Influencers are people who regularly put out engaging content to a wide audience. As this is the aim of social media marketing, teaming up with influencers makes sense. Not only can they create content which will appeal to an audience, they are also trusted by the audience that they speak to. If your brand matches with their voice, then you can convert their loyal audience into your loyal audience.
If you are a small business, you may not even have considered using influencers – but you should. As influencer marketing is relatively new, people may think that you have to spend a huge amount of money on a big name. You don’t. Micro-influencers are people who have a following between 1,000 and 10,000 – and they are liked 5 times more often and commented on 13 times more than influencers who have a million or more followers.
Micro influencers are 6.7 times more efficient in terms of engagement than the larger influencers, but their small size means that they can easily be utilized by small businesses. So, now that you know small businesses can use influencers well, how should you use them?
The first thing you need to know before engaging the services of an influencer is to know your own brand, and to know theirs. A firm understanding and some research is important at this level. You need to find an influencer (or influencers) whose outlook is similar to yours. If your brand’s match, then they will be genuinely happy about sponsoring your product – and their followers will pick up on that genuine enthusiasm and share it.
Influencers appear on many different social media platforms. We may automatically think of YouTube and Instagram, but people also have loyal followers on LinkedIN, Twitter and messaging apps like Snapchat. In fact, influencers can advertise on platforms it has traditionally been difficult to promote things on. Think about where your audience is active and interested, and choose an influencer accordingly.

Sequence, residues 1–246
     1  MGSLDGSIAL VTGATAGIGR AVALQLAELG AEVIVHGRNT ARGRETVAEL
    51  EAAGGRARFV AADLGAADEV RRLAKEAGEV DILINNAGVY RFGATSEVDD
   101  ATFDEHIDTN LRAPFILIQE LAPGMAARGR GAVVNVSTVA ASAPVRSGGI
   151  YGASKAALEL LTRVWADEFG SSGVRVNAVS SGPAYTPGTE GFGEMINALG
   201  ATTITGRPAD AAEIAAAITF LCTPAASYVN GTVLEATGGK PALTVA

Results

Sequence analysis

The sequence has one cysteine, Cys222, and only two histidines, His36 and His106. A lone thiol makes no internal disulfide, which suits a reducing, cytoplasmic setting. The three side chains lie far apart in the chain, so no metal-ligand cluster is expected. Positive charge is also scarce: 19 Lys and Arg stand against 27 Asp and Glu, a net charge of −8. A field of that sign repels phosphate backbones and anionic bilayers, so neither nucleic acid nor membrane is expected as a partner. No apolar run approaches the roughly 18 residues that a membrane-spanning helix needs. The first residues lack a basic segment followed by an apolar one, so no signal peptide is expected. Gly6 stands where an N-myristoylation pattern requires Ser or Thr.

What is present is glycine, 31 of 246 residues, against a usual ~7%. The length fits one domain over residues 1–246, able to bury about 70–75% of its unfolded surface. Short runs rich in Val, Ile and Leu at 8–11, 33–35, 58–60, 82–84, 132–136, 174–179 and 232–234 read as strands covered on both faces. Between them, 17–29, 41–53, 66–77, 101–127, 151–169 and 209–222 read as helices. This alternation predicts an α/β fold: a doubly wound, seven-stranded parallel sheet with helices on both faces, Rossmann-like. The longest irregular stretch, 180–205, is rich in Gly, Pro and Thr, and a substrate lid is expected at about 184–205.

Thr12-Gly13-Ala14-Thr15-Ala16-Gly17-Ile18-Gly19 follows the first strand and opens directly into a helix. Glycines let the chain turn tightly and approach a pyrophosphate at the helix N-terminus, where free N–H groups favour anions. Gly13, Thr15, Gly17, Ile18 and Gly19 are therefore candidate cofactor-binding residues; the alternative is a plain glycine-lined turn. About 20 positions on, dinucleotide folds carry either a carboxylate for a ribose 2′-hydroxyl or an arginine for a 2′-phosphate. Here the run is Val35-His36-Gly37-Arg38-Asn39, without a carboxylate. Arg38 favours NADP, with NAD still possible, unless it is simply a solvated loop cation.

For a small business, creating good quality content is one of the most difficult things to do. When you approach an influencer – you can give them a script, or you can give them guidelines and let them sell it in their own way. If you have chosen them carefully, the content they produce themselves is much more likely to be genuine, longer and will appeal to their audience more. They may even surprise you and create content that you will be able to use in other marketing. Lay out firm guidelines, but give them room to be creative.
There are various ways to find influencers. For a small business, the best way might be to reach out to them directly. They may be part of a collective, or have representation – but if you are targeting micro-influencers, they may not have even realised that they could monetise their following. This means you may be able to get their endorsement by supplying free goods or at a reduced fee. Supporting them at an early stage may also help them remain loyal to you – as will their fans.
If you don’t want to approach them directly (or to get an idea about the industry rates) then you can use a vendor like Tribe or gnac app to see what they would cost. If you don’t want to trawl through social media, you can also use sites like Buzzsumo or A News Tip to find influencers who will match certain criteria.
Uninspired by the never ending talk of ‘vanity metrics’ in the world of digital marketing, Magnate was founded – the ‘Social-First’ marketing agency.
On the very rare occasion he isn’t watching Step Brothers in his spare time – you’ll find Zachary in the thick of social platforms, learning what makes us tick.
This is driven by a fascination (perhaps a slight obsession…) with market trends and consumer behaviours